It seems lately, Reese Witherspoon is vying for the queen of romantic comedy throne since Julia Roberts and Meg Ryan have somewhat taken a departure over the past four years and I welcome her. Reese Witherspoon showed promise as an actress in critically acclaimed movies like “Highway”, and “Election” and starred in one of my favorites “Cruel Intentions”. She has a knack for the soft and mushy movies, never really taking anything that’s really deep and emotionally driven. She has a flair for acting and takes this character head on. Originally offered to Charlize Theron, Witherspoon makes her character very likeable and charming. The movie starts off with a weird opener setting the stages for the entire movie and then we fast forward into her adult years. I’m not one for watching “chick flicks” which is what this movie would be classified under, but this is rather charming.
Witherspoon makes this movie light and fluffy and her nonchalant swagger makes her character very interesting. Josh Lucas who played the bad guy in ‘The Hulk”, and was pretty damn good at it, gives a great performance as Melanie’s love interest throughout the entire flick. He has a very real charisma through the movie and often times his Southern accent stays with him, never disappearing as Witherspoon’s does throughout the flick. He has a very “every man” quality in this performance and often wonder if the pauper will win the princesses heart; even I rooted for him. The story itself is pretty basic: woman who put her past behind her, comes back to it to find it’s not so bad after all and must choose which life she wants. Sounds exhausting, but it’s not, which is a plus for this, because all this movie is fluff and it practically spews old fashioned sensibilities about family, love, and life.
This movie may spew old fashioned sensibilities but does it have to go about in such a cliché and predictable manner? The entire setting for the Southern town in which Witherspoon’s character originates is such an overused storyline for Southern towns. No one has a television in sight, everyone has a house that resembles a shack, everyone speaks old South lingo that makes them sound like a prospector, everyone eats at the local diner, and everyone hangs out at the local bar. Each character is a cardboard caricature of a Southern citizen, so much to a degree where you can guess who is coming next onto the story. It goes as far as to feature every one in the town as Civil War re-enactors! Sheesh. Josh Lucas’ character is the typical southern man one would find in these types of movies in that setting: he’s a beer drinking womanizer who owns a hound dog and hangs out at the bar; at any minutes I was expecting to see a boy with a banjo sitting on a porch.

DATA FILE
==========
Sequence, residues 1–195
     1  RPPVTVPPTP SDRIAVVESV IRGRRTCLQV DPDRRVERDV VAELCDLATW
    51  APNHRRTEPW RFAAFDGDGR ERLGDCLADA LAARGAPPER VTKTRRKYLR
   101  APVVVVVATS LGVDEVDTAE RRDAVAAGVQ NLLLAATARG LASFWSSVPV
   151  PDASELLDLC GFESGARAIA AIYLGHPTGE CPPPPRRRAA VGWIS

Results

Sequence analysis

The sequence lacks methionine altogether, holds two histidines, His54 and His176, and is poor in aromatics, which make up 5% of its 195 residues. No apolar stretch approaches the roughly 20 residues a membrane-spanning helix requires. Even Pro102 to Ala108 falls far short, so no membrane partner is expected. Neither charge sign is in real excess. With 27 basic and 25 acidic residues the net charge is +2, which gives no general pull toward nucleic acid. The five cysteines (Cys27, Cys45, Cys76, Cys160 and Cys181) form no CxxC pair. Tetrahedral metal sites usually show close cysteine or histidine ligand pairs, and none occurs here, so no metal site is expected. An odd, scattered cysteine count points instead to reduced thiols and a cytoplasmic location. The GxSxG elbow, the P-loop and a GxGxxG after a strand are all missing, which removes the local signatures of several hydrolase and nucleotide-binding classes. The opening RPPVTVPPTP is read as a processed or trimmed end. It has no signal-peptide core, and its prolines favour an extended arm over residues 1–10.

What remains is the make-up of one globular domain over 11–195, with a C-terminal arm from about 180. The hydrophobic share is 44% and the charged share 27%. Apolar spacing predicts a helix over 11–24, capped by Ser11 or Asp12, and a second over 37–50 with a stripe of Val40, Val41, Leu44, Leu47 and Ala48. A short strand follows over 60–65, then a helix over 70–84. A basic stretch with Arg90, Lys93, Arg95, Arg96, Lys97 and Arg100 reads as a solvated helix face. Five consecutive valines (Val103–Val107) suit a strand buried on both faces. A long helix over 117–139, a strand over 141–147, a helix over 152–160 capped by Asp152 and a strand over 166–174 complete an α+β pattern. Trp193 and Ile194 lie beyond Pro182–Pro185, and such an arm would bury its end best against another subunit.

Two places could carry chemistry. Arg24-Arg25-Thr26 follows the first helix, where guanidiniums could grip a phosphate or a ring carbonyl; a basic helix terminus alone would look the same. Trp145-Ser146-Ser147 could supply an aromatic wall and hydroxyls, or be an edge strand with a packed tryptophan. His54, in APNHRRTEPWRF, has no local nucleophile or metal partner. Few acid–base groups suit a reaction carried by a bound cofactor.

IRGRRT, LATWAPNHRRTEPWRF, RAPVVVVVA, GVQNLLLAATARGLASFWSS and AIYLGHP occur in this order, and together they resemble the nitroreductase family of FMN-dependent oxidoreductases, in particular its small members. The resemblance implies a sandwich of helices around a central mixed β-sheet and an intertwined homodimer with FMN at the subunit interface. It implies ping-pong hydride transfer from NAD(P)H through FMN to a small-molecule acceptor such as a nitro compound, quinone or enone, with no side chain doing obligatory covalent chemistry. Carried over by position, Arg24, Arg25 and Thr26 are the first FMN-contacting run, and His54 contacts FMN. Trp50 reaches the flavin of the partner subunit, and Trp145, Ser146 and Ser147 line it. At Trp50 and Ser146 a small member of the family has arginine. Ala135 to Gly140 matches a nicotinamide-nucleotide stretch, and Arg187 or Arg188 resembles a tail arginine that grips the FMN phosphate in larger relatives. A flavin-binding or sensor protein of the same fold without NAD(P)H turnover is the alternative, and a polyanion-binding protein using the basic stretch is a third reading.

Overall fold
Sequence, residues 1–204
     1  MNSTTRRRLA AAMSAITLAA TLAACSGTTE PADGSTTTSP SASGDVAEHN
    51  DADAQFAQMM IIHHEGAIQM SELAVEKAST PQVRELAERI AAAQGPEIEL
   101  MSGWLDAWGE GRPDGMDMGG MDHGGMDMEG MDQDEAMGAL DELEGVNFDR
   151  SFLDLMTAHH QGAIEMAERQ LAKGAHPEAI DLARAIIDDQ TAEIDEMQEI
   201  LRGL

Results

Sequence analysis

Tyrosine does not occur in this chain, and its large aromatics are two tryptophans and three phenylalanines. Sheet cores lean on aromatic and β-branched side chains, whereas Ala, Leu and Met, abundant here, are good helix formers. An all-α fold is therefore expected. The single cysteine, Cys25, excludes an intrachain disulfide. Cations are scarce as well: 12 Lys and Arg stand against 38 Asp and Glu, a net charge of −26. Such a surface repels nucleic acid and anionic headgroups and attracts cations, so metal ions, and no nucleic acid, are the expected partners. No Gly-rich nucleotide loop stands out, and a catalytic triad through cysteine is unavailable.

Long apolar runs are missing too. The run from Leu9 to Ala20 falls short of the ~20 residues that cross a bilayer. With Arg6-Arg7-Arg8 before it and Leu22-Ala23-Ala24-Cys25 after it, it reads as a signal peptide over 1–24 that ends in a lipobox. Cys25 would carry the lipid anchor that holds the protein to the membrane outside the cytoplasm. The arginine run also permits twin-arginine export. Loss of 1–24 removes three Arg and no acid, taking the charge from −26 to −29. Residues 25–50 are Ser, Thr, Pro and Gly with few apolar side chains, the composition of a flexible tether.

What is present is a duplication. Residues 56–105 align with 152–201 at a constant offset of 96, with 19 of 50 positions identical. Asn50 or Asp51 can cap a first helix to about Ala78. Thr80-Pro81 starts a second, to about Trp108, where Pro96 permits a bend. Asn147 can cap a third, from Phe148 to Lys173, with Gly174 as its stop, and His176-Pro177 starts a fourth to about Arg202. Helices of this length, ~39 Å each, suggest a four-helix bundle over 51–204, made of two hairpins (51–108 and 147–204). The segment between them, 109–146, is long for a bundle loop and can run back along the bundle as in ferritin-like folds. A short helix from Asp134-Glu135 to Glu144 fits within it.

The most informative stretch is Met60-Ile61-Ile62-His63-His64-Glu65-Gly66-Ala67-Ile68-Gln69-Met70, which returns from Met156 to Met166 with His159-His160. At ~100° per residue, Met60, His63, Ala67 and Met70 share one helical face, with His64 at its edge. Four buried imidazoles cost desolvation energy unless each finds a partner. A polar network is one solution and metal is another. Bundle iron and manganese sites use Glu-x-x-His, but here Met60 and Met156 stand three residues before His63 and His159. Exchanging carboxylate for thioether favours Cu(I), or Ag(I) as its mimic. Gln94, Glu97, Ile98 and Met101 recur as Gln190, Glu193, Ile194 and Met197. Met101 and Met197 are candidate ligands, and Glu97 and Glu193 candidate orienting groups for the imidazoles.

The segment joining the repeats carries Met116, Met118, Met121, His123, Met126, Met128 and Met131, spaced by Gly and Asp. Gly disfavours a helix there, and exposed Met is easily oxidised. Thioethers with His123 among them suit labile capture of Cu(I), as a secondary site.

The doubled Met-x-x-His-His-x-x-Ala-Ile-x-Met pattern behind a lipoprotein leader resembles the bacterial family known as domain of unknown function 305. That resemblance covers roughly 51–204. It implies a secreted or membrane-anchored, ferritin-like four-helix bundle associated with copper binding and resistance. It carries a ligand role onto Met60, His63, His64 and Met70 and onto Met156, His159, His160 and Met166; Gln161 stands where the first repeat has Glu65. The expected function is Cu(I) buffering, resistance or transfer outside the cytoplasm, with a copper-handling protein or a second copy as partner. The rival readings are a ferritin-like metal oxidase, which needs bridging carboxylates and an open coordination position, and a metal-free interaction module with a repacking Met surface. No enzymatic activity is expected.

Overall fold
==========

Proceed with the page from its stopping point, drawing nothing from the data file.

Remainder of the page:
The only interesting character out of the supporting cast was Ethan Embry’s who hides a secret from everyone about his hidden sexuality. The movie is also very cheesy, especially in the finale. There’s a horrible wedding scene where we already know who she’ll choose, and there’s a some badly written and sappy monologues between many of the characters. The writers for this film throw in every type of overused and predictable romantic movie device including the begging questions of which man the main character will choose, a villain, and the obligatory wedding.
For a New York Fashion Designer it’s weird to think she’d want to have her reception at the local bar. Patrick Dempsey doesn’t do much in the movie except act as an obstacle and we never really cared for him or felt for him when he was fighting for her love. For a movie in which Witherspoon’s character is supposed to choose from two guys, only one guy is truly focused on. Candice Bergen also doesn’t do much regarding she’s the movie’s villainess; I wanted to feel more threatened by her but never got the chance. The ending is your usual wedding movie ending with little to no originality and a whole lot of sappy clichés including an end credits photo montage. Despite the fact that this is a formulaic, sappy, and cheesy romance, this is also a great date flick and a very charming, well acted movie. Witherspoon can take almost any oblivious film and make it half decent.